What would happen, they asked, if a small group of cities received funding to transform a few public spaces each into places where different groups of people could mingle, where investment inequities were rectified, where environmental stewardship and sustainable transit connections were a priority, and where local residents could claim a degree of ownership? If each city were left to its own devices, how would it structure its projects, in terms of leadership, site selection, community engagement, redevelopment strategies and goals? And how would those decisions affect the outcomes?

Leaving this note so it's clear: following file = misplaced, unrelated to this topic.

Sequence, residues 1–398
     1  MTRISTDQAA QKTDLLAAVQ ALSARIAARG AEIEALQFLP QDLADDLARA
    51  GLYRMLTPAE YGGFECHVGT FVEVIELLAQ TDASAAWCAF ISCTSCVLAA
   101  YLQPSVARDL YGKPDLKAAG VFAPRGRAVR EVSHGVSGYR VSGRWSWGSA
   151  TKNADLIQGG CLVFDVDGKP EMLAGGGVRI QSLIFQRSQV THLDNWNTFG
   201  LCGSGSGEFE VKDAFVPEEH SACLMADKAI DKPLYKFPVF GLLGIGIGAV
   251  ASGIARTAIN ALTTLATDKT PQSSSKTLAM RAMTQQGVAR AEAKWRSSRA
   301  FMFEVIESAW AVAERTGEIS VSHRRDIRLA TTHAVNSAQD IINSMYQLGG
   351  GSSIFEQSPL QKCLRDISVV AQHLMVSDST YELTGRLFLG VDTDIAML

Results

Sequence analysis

Reimagining the Civic Commons is an attempt to answer those questions. This three-year national initiative was launched in 2016 with the announcement of a $40 million investment in public spaces in four cities: Detroit; Memphis, Tennessee; Akron, Ohio; and Chicago. The four foundations—the JPB Foundation, the John S. and James L. Knight Foundation, The Kresge Foundation and The Rockefeller Foundation—invested half of the total, with matching funds from local sources. (In a fifth city, Philadelphia, a pilot program that started in 2015 was supported by Knight and the William Penn Foundation.)

Photo of Hernando de Soto Bridge in Memphis via Adobe Stock.

Read full Common Goals, Different Approaches report.